Wednesday, January 25, 2012

Renaissance Portraits

In New York City today; saw a very excellent exhibition at the Metropolitan Museum: The Renaissance Portrait from Donatello to Bellini. The exhibition focused entirely on Italian work from the 15th century: paintings, drawings, sculptures, and medallions.

I was especially happy to see Idealized Portrait of a Lady ("Simonetta Vespucci") by Botticelli; on loan from the Städel Museum in Frankfurt, I'd only seen it previously in photographs. A very beautiful painting ... exquisite color and lyrical line ... and strikingly large for a portrait of that period, bigger than life.

l
ca. 32” x 21”   tempera   1475 /1480
Botticelli

The image is believed to be of Simonetta Cattaneo  Vespucci, a young Florentine woman much celebrated for her beauty. She captivated Lorenzo and Giuliano de Medici, was muse to poets and artists, and is said to be the model for the goddess in Botticelli’s Birth of Venus -- though that painting was made eight or nine years after her death and the notion is dismissed by some scholars. She is also believed to be the model for the figure of Venus in Botticelli's Primavera.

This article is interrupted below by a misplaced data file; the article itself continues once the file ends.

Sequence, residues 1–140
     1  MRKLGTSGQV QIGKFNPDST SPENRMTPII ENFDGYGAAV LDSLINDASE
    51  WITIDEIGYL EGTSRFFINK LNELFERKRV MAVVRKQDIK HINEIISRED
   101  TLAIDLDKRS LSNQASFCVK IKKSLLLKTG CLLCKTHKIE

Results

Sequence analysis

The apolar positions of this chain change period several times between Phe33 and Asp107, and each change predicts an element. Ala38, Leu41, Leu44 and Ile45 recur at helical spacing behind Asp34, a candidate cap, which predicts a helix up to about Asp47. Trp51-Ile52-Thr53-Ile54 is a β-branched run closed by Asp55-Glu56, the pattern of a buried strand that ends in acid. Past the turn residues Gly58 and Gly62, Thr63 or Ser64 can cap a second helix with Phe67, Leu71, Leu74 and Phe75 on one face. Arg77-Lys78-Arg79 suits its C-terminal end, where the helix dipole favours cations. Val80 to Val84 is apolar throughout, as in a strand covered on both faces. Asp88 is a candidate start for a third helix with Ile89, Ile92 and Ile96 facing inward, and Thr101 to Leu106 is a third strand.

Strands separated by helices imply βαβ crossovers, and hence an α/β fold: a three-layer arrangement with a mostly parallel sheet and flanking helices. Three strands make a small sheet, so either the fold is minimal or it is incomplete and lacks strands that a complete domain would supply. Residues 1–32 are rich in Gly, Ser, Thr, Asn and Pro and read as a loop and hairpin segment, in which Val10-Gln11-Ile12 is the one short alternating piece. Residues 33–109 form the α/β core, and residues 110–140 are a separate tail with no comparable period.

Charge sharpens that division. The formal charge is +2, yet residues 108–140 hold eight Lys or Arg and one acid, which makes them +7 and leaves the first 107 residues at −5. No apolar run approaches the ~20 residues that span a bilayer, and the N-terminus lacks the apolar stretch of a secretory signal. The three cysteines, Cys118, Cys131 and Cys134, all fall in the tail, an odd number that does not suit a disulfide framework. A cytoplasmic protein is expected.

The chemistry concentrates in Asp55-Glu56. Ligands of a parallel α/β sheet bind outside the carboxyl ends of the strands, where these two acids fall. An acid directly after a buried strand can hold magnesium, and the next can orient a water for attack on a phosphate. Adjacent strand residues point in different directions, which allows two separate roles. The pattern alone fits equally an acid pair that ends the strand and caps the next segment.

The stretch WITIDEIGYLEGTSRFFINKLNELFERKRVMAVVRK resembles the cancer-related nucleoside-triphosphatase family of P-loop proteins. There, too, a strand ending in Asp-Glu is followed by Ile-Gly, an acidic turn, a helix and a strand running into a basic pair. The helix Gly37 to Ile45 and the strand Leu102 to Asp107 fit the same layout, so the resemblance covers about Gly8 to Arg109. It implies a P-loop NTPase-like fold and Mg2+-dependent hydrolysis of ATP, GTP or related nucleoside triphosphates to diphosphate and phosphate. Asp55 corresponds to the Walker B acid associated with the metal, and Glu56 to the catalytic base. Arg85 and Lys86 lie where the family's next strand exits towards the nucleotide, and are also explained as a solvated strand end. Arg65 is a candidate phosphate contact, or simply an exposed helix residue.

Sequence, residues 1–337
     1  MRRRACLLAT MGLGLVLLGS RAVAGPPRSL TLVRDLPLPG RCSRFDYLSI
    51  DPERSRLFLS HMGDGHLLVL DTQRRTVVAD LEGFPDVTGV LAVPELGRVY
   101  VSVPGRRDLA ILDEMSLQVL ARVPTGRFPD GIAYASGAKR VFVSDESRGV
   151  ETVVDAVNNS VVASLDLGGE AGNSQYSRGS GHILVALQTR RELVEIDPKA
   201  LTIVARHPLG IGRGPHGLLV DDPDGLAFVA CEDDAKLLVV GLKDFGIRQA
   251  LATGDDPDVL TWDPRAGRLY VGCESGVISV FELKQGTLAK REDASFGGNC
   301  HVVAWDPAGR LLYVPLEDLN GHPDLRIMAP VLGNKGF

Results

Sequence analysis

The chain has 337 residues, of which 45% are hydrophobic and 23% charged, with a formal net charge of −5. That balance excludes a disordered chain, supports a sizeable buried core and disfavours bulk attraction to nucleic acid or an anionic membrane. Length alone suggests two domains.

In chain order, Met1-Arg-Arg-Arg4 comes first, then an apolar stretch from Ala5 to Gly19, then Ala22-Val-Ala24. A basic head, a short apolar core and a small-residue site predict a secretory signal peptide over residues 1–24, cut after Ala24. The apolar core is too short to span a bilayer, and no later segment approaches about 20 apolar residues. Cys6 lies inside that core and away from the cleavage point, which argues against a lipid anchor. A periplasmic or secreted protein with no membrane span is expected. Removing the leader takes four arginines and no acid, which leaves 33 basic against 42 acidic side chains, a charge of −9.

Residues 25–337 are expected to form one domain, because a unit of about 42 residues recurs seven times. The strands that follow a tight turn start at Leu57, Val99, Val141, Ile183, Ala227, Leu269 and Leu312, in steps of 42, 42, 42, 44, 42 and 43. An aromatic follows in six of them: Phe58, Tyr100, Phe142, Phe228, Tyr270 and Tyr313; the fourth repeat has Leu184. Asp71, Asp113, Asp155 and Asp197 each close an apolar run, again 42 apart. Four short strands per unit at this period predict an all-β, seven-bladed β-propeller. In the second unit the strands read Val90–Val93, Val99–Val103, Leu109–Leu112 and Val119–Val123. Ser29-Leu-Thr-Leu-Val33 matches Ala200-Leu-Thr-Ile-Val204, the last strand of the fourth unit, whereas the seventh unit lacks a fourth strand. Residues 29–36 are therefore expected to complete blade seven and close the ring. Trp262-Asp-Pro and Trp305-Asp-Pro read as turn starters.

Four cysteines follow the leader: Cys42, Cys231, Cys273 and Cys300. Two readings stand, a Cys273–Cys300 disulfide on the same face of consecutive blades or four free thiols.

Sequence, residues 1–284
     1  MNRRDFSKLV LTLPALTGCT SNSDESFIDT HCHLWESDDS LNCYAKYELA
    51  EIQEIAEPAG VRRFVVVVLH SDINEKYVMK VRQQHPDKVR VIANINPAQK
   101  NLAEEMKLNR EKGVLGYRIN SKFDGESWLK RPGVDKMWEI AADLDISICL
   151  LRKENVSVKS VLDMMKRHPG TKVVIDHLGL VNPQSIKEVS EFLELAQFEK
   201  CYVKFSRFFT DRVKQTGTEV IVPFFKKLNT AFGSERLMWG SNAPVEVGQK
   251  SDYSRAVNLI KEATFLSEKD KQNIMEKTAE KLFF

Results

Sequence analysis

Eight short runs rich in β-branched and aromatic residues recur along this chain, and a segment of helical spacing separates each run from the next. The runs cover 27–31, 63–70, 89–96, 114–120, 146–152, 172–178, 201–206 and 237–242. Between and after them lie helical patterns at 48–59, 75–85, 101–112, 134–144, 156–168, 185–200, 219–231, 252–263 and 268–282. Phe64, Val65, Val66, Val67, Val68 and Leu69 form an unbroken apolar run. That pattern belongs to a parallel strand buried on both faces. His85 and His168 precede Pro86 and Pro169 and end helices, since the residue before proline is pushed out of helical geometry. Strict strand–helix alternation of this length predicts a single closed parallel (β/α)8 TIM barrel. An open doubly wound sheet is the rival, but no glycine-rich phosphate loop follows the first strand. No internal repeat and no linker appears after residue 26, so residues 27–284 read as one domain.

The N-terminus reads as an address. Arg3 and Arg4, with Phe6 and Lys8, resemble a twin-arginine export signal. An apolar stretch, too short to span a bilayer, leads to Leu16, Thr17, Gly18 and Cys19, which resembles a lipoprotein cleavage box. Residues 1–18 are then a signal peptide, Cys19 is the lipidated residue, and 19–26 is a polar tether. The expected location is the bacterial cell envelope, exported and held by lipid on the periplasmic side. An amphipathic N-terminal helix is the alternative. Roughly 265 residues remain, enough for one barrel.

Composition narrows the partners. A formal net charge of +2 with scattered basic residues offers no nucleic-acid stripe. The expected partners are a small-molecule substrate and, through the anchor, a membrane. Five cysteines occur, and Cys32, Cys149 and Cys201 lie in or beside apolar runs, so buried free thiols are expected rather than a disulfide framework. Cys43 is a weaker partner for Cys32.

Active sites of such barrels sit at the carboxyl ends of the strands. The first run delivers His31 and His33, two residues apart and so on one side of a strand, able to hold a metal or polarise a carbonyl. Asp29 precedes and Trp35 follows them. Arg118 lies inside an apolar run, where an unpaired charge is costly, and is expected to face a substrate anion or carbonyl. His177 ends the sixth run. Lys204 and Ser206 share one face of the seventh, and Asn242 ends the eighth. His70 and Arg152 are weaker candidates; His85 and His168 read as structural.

She died in 1476 at the age of twenty-two and was buried at the Chiesa di Ognissanti in Florence. In 1510, Botticelli was buried near her, as he had requested.

The Birth of Venus
ca. 68” x 110”    tempera and oil    ca. 1485  
Botticelli

Also exhibited was one of my favorite paintings from the National Gallery of Art in Washington, D.C.: Profile Portrait of a Young Man.

A reproduction of that painting (as well as one of the Madonna and Child by Giotto, also at the National Gallery) has always hung near the easel in my studio. I always thought it was by Masaccio, but now it seems that scholars are no longer so sure. In the exhibition, the attribution says "Florentine artist (Paolo Uccello?)" ...

Profile Portrait of a Young Man
ca. 17” x 13”    tempera    1430/1450 
Florentine painter       

1 comment:

  1. Andrew,

    It's so interesting to now see the similarities with your portraiture to this time period. I really can see the influence.

    Cheers,
    Jenifer

    ReplyDelete

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